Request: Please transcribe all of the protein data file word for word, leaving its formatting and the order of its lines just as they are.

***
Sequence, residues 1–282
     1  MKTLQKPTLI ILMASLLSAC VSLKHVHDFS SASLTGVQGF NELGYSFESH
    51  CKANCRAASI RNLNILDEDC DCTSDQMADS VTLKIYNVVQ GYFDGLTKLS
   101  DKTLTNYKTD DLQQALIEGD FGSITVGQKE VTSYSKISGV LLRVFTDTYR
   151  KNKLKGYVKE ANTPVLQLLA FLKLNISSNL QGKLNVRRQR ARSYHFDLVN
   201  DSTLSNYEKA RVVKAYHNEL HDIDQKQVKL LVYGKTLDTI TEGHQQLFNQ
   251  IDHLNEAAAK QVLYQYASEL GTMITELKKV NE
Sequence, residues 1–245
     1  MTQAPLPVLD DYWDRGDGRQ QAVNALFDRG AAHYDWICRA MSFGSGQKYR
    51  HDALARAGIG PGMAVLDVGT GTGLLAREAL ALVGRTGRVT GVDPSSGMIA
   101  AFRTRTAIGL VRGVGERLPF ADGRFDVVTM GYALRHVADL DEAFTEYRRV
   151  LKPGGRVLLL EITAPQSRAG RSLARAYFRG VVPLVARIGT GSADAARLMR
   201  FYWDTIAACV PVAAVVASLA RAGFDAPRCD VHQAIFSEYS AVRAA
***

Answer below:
Sequence, residues 1–282
     1  MKTLQKPTLI ILMASLLSAC VSLKHVHDFS SASLTGVQGF NELGYSFESH
    51  CKANCRAASI RNLNILDEDC DCTSDQMADS VTLKIYNVVQ GYFDGLTKLS
   101  DKTLTNYKTD DLQQALIEGD FGSITVGQKE VTSYSKISGV LLRVFTDTYR
   151  KNKLKGYVKE ANTPVLQLLA FLKLNISSNL QGKLNVRRQR ARSYHFDLVN
   201  DSTLSNYEKA RVVKAYHNEL HDIDQKQVKL LVYGKTLDTI TEGHQQLFNQ
   251  IDHLNEAAAK QVLYQYASEL GTMITELKKV NE
Sequence, residues 1–245
     1  MTQAPLPVLD DYWDRGDGRQ QAVNALFDRG AAHYDWICRA MSFGSGQKYR
    51  HDALARAGIG PGMAVLDVGT GTGLLAREAL ALVGRTGRVT GVDPSSGMIA
   101  AFRTRTAIGL VRGVGERLPF ADGRFDVVTM GYALRHVADL DEAFTEYRRV
   151  LKPGGRVLLL EITAPQSRAG RSLARAYFRG VVPLVARIGT GSADAARLMR
   201  FYWDTIAACV PVAAVVASLA RAGFDAPRCD VHQAIFSEYS AVRAA